Construct a zoom-box around the point (2, 1) such that your zoom-box has height 3 units (i.e., 1.5 units above (2,1) and 1.5 units below (2,1)). For now, consider the width of the zoom-box to be infinite. For what part of the domain of g is the graph of g lying in your zoom-box?

Question D3.
Does there exist a zoom-box that you can put around the point (2,1) such that the part of the graph of g that lies inside your zoom-box corresponds to those x in the domain of g such that either a < x < 2  or  2 < x < b (for some a and b of your choice) and such that both types of x arise?  If so, then what are the dimensions of your zoom-box and where is it centered? What are the dimensions of the shortest (in height) such zoom-box that you can construct?

## PART E

In this part of the lab, we will relate the above work to the   (epsilon),  (delta) discussion from lectures.
Question E1.
In B1, what is the value of ?  In B2, what is the value of ?   In B3, did you find a value for ?
In D1, what is the value of ?  In D2, what is the value of ?   In D3, did you find a value for ?

Question E2.
In B1, what are the possible values of ?  In B2, what are the possible values of ?
In B3, what are the possible values of ?

In D1, what are the possible values of ?  In D2, what are the possible values of ?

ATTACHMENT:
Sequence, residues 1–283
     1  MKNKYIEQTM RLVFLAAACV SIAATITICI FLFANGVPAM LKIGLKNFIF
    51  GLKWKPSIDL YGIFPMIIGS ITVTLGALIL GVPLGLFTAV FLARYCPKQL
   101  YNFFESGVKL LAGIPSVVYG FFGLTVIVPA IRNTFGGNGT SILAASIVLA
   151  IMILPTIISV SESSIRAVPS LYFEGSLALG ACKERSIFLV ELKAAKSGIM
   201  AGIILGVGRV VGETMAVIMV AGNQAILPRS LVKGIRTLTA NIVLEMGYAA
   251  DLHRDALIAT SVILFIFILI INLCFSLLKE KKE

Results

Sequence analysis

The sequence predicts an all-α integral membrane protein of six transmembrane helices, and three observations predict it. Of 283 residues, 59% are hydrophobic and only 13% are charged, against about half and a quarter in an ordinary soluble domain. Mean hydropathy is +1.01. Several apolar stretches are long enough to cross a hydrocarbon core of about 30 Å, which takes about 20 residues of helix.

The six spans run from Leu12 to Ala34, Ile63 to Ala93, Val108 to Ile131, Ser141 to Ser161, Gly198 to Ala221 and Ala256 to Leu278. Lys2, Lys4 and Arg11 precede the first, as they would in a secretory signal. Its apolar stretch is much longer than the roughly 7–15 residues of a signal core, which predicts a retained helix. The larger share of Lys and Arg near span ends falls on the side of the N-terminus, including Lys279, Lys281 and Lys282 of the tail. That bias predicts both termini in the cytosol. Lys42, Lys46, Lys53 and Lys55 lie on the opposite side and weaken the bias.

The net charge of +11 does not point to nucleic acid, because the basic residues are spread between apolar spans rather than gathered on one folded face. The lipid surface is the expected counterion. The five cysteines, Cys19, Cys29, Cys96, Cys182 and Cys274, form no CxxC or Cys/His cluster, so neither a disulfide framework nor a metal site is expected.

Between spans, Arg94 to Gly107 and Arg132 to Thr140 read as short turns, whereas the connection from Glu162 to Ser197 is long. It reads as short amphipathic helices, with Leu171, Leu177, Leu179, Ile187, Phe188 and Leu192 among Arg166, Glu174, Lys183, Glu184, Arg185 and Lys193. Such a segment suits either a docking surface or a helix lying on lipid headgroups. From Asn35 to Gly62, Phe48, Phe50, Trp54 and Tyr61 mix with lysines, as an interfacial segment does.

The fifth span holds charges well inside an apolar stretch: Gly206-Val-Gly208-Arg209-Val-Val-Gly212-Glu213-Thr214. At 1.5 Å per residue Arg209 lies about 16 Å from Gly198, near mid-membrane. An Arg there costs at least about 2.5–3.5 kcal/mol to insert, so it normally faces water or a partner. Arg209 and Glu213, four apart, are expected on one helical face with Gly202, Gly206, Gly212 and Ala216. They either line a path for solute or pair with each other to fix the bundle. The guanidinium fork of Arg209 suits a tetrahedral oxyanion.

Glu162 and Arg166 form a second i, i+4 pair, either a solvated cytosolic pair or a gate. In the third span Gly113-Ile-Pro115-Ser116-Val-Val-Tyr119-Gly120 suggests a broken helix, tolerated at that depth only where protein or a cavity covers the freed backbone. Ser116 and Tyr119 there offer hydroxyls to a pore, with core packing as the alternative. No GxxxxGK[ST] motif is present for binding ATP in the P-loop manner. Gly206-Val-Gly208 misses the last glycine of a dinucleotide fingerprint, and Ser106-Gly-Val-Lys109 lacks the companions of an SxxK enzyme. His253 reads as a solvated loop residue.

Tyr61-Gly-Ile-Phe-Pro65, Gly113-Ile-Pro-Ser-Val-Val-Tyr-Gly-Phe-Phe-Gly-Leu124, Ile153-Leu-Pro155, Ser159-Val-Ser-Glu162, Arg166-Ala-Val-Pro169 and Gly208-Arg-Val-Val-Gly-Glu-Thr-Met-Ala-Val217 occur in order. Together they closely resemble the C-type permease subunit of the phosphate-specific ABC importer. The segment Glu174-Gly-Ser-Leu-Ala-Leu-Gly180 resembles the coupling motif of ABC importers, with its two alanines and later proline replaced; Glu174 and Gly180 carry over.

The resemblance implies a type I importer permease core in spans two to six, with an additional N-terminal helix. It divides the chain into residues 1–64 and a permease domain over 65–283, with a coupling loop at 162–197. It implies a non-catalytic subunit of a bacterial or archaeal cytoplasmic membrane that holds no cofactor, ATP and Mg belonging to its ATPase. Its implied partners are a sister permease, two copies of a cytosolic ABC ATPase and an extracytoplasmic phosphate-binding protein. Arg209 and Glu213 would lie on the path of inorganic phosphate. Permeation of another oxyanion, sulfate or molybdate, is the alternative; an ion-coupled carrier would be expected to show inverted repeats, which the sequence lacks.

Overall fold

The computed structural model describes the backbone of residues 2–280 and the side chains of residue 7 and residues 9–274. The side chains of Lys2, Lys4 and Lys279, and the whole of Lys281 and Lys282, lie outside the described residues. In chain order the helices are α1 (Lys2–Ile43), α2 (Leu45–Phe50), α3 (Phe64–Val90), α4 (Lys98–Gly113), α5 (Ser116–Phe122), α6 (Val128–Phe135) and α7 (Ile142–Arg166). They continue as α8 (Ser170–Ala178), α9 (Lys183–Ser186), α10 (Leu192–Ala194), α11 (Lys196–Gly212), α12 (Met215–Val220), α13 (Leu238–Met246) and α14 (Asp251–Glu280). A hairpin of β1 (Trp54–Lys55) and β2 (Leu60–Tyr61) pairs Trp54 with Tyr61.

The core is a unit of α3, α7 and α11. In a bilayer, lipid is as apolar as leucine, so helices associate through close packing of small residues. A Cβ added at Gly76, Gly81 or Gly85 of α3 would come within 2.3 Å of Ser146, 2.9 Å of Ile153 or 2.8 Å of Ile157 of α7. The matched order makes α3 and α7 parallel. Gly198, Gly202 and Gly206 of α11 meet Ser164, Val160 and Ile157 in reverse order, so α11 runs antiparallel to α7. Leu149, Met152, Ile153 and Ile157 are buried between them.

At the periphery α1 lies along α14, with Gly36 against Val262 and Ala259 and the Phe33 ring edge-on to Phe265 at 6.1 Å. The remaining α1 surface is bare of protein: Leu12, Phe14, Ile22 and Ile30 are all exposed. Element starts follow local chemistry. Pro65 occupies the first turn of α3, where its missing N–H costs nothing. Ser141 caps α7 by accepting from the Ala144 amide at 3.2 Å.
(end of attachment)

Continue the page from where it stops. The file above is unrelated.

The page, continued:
In D3, what are the possible values of ?

Question E3.
Suppose you zoom in without stopping for a long time on both the functions considered above.  This means that you are making  be very very small.  For each function discuss in one or two sentences whether or not it is possible to always find a  that corresponds to such an .

Question E4.
For the function in Parts A and B, given an arbitrary  >0, are you able to find a >0  such that
0 < | x - 2 |  <   implies that   | f(x) - L | <    for some limit value L?

For the function in Parts C and D, given an arbitrary  >0, are you able to find a >0  such that
0 < | x - 2 |  <   implies that   | g(x) - L | <    for some limit value L?

Explain using two or three sentences your reasoning used in answering this question, E4.

END LAB I.1